The daily Nebraskan. ([Lincoln, Neb.) 1901-current, March 06, 1968, Page Page 4, Image 4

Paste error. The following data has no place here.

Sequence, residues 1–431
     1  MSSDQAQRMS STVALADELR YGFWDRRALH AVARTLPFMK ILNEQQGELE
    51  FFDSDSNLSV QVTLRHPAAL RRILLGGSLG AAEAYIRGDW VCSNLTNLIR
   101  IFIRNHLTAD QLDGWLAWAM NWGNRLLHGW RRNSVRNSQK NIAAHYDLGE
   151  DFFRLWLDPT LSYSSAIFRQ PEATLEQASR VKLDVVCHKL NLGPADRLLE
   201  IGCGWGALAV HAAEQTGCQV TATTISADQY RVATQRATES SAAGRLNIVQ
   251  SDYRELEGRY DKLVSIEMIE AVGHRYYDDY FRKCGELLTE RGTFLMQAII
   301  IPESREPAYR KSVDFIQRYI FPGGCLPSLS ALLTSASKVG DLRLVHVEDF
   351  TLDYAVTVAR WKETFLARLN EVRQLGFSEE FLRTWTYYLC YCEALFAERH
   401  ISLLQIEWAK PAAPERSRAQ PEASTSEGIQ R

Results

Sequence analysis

ssvsvsll&fcb! , ... , . J I Page 4 The t)aily Nebraskon Wednesday, Morch 6, 1968 r i 4 .9 i iiiiiiiiii:HMiimiiii'iiiiiiiiiitiiiiiiiim j!iiiiiiiiiiiiiiiiiiiH'!iiiiiiiiiiiiiiiiiiMiiiiiii;nuiiHiMiiiiii I The Other Half i . "Si - "King Lear," noted as Shakespeare's greatest tragedy, ... will open at University Theatre Friday and Saturday. The production is directed by Dr. William Morgan. Curtain time is 8 p.m. Tickets are $1.55. "Hell is Other People," written and directed by Michael Messmer, will be produced in Experimental Theatre Sun day and Monday at 8:50 p.m. in room 201 Temple. The play is an absurdist drama about characters trapped in a nameless void. Another laboratory play, "The Aborted Moon," written and directed by William Turek will be presented at 8 p.m. in room 303 Temple Sunday, Monday and Tuesday. "GOAL," an English documentary on soccer is the Union Film Society selection (or Wednesday. The film re lies on the technical abilities of the cameramen covering sporting events ana nas little commentary. The movie stars of yesterday will' be featured in the High Camp Film Festival Sunday at 5:30 in the Nebraska Union. The $1 fee includes a hamburger basket and the ' ' old-time flick. "Five Ways of Shattering Poetry," will be the topic of English poet Paul Roche when he speaks at 3:30 Thursday in the Nebraska Union auditorium. Roche, appearing through the Union talks and topics committee, will give examples of how the response to poetry can be changed by varying musical design. Malcolm Boyd, sometimes called "the expresso priest," will speak Tuesday at 3:30 in the Nebraska Union Ball room. He has appeared at the "hungry i" several times, ' wrote the book, "Are you Running With Me Jesus," and has made records of his prayers. Monday at 7:30 there will be a telecast tour on Channel n 12 of the Bauhaus exhibition now on display at Sheldon .- Art Gallery. At 1 A - , . 1 A 1 ' . i . f Y T Aosiraci wouuen sculptures oy ecii vanenson 01 ian- wjj j sas City are on display in the Art Shop of the Sheldon rl(lea UY CCtV . . uauery raarvn a uiruugn 01. - Works of over 60 artists will be displayed in Joslyn Art Museums Tenth Midwest Biennial Display March 10 through April 14. Amateur artists will have a chance to display their work at the ADcl-fcandoz .pring festival the week-end of April 26. Tentative plans for the festival include a street dance, , an art gallery, a folk-jezz concert. High Camp film flicks and four carnival booths. The event will take place on the mall outsile Abel Sandoz. A $1,000 fund is being used in order to offer en tertainment free of charge, x Residents of the dormitories are urged to enter their ork for display in the art gallery. More information is available from Donna Borgaard 432-4395. Tosheigo Eto, a violinist, will be featured in a violin concerto at the Lincoln Symphony Orchestra concert 8 p.m. ; Tuesday at the Stuart Theater. Memberships for the Lincoln Community Concert As sociation for the 1968-69 season are now on sale. They are $10 for adults and $5 for students. Those purchasing tickets before March 11 can attend the concert of Metropolitan Opera Soprano. Gianna D'Angelo, at 8:15 p.m. March 11 at Pershing Auditorium. 'iiiiiiiiiiiiiiiiiiiiiuiiniiiiiiiiiiiiiiiiHiiiiiiiiiiiiir, I'M Campus . . . s Tribunal hears Weaver Today an(j Rose diSCuss report .1 1 II' t 1 f L Andy Backer and Susan Vosik rehearse for Fri day's opening of "King Lear." Medieval weapons prove dangerous Actors discovered the dan gers of using medieval swords and shield in rehearsing for "King Lear," which opens at the University Theatre Fri day. One of the knights was rushed to Student Health for stitches after being cut on the ear by a sword. The weapons weigh from 20 to 30 pounds apiece, Jerry I Lewis, technical director said. Included in the programs for next year are: The Obernkirchen Children's Choir from Germany; a Venezue lan folk ballet; Guy Lombardo and the Royal Canadians, and the Lee Evans Trio. - ' , - s,i ' - . r -. -J vi " . j : I I lf T Mil l vv - " 11 J , i ' . .5. ;j ,' if ! t hf. s J ; - , "i q ' ' , f 1 , : $ ? ! i - - . .. 4 , ! , ' 'j ; .. " ".. - , I s - (?!.- t. I . :-. ' I . ' i ' ' I : s ; ' . . ! :! ; i . - . . -. - - " c t ' jr. ; - H "77i"r' . ? ; I' I ' , f .. U ; 5 J The swords, shields and crossbows are made from steel, wood, and any other available materials. Industrial styrofoam The furniture used in the play has to be built because the ancient props are impos sible to find, Lewis said. Much of the stage scenery is made from an industrial styrofoam, the use of which is relatively recent in the theater. Texturing techinques, such as burning the surface with a propane torch, have been used to give the scenery a rough, rock-like appearance. Scene changes The first scenes take place in Lear's throne room which is simulated with tall pylons that look like granite col umns. These columns are taken away opening the stage for the outdoor scenes, so the stage becomes brighter and bigger as Lear's world ex pands ana becomes more complicated, Lewis said. The lighting also gets brighter as Lear's confusion increases, so that in the scene in which all the characters die, the stage is brightly lit in reverse technique of usual staging, he said. Also unusual is the sunlight used in the bat tle scenes. The battles take place off suige and special sound ef fects are used to convey the in King Lear scene to the audience through the reactions of the blind Duke of Gloucester. Speakers placed at various locations in the audience transmit the sounds of the bat tles and the storm scenes The thunder sounds com from three tapes and a man ually operated device. Rum bling drums augment the tapes. There are eleven seen t'ianges and the actors hela the stage crew with 12 of the sets. Space back stage is a major problem, Lewis said Construction i The internniionui women s Group will hold an lAietion at the First Presbvterlan Church at 17th and F St. Wednesday from 9:30 to 11 a.m. ft- A reorganization meeting for Aluha Kanna Psi. business fraternity, will be held Wednesday night at 7 p.m. in the Union. Anyone in Business Administration or an econom ics maior is eligible for mem bership. ft ft & There will be a meeting of Women's Athletic Association Thursday at 5:30 p.m. in room sm of Bancroft Hall for all W.A.A. living unit representa tives. Fliers for the badmin ton, pool and table tennis tournaments will be distrib uted, as well as lists of per sons eligible to vote in the W.A.A. elections March 13. ft ft ft The fnreifn film for Wedncs- ..v o (lav will be an English film en titled "Goal." The film won the World Cup in 1966. It is produced by Octavio Senoret and directed bv Abidine Dino and Ross Dcvenish. ft ft ft KtuHpnts who want to U-v out for the Nebraska ell Squad must sign up by Thurs day in the Union Program Office. Practices will be held on the Coliseum stage and try- outs will begin March il. Construction on the scen ery began Feb. 5. 15 people helped with the building, som for classes and others volun teered, he said. The actors have helped with the technical effects, al so, Lewis said. "The play has one of the best all-around casts ever as sembled at the University Theatre, Susan Diffender- fer, assistant director said. Actors Lear will be played by Andy Backer who has appeared in many University Theatre Dro ductions. The roval houses are represented by: King of France, Dave Landis; Duke oi Bursundv. Phil Zinea Duke of Cornwall, James Sellmeyer; Duke of Albany, jonn jessup; Karl of Kent James Baffico; Earl of Glou cester, Dana Milla. Other cast members are William Jamison, William bzymanski. Donald Hunter Doae Armstrong. Barnard Durand. Rick Marsh, Chris topher Ballant Terrv McClel lean, Albert Lundby, Rick S h i m p. Terry Wevmouth. Laura Ursdevenicz, Kathy caines, Susan vosik, Richard Wilson, Fred Starrett, Judith Lewis, Bev Proctor, andAm alie Christopher. Editor holds faculty book interivews Interviews for the Faculty Evaluation Booklet staff will be held Sunday, March 10, according to Bob Zucker, the Booklet s editor. Positions for three area chairmen and six assistants are open. Sign-up sheets ar.d applications are in the ASUN office in the Nebraska Union. Continued from page 1 the right to obtain counsel, adequate time between noti fication of the violation and the student's hearing, and notifying the student that any thing he says may be used against him. There is a need to set up due process guidelines be cause the problem is that no one knows what due process is or how it functions, accord ing to Weaver. He added that students must come to rely on a set of principles rather than the disgression of individuals. "We need special guidelines to outlive the tenure of any dean or authority," he said. Judicial process fails with in the current system at the Office of Student Affairs, Weaver said. ! He added that a student's conference with the dean is the 'crucial point in the judi cial' precedings, and that the student must be prepared to defend himself at this point or due process does not exist. Weaver pointed out what he considers another violation of judicial process. He said that t h e Student Aaffsrs itaff members lay out the facts and then ask tht student, "What do you think about it?" The notice that the studen has the right to remain silent does not exist in this respect, Weaver said. He added that h was told by one of the Student Affairs administrators that they do not want the student i to keep silent, but they want j him to talk. ! Weaver explaintd that the report provides the minimum requirements for judiciously prosecuting every case that comes within th jurisdiction of the University. He added that the report provides for explaining the judicial process requiremtnts to the students m a language and terminology that they can understand. If the tenate acts favorably on the report recommenda tions, it will go on to the Fac ulty Senate where it will be considered in open delibera tion, Weaver said. Whattver is approved there will go ultimately to the Board of Regents. Draft resistance union formed Continued from page 1 Board 57 and 58 and the let ters would notify draft-eligible men of the services the union can provide and alter natives to serving in the army. He said the organization has received literature from the American Friends Ser vice committee, the Univer sity of Wisconsin and CADRA. Unions 'fairly successful' The draft resistance unions have been fairly successful where they have been per manent fixtures and have re ceived the backing of large followings," he said. "In fact, almost 2,500 men have returned their draft cards to their local boards in the last year," he said in ex plaining that the draft resis tance movement has been gaining impetus in recent months. He added that April 3 has been declared a national day of draft resistance and ail local draft resistance unions have urged to organize dem onstrations and other actions to protest the draft. GO BIG RED Ensembles from $300 Row. row row .TOW' " , '--!-.. . ...... l.7.j ,1 'mething there is that doesn't love a wal! . . . tnd makes gaps where even two can pass abreast" Business fraternity organizes An organizational meeting meeting of Alpha Kappa Psi, professional business fraterni ty, will be held March 6 at p.m. in the Nebraska Union, according to Larry Lepin, spokesman for the group. Membership will be com posed of business college stu dents and economic majors. Prospective members will be required to pass a designated pledge test The fraternity cur rently has 15 pledges. The new organization's ac tivities will include field trips, guest speakers and some so cial activities, according to Dave Rains, the fraternity's organizer. Rains said the fraternity ac tivities will be planned ac cording to members' interests. Alpha Kappa Psi, the first professional business fratern ity, was organized in 1904 at New York University. A chap ter was started a few years ago on NUs campus, but la ter disbanded. Rains or Don Shepherd, may be contacted for further information. Match Box Engagements Kathy NichoL Raymond nail freshman in Teachers College from Millard, to Bob Diers, senior in Business Ad ministration from Lincoln. Mary Jane Mitchell from Stephen s College in Colum bia, Missouri to Bill Nelson Theta Xi junior in Medicine Jane Trumbull. Kanca Kan- pa Gamma senior in Teach ers uonege from umaha, to Gary Gray, Phi Delta Theta senior in Zoology from Oma ha. Gloria Lundquist, Sigma Kappa senior in music from Boys Town, to Tim Stroh, se& ior in history from Jackson ville, Florida. Nancy Groeteke, Phi Mu junior in Elementary Educa tion from Hooper to Tom Al exander Phi Kappa Psi Sen ior in phychology from Lin coln. Carol Mumgaard. Ttwit Club junior in Teachers from Lincoln to Warren Bishop Ag Men junior in Agricultural engineering from Fairbury. Cathy Lofquest. 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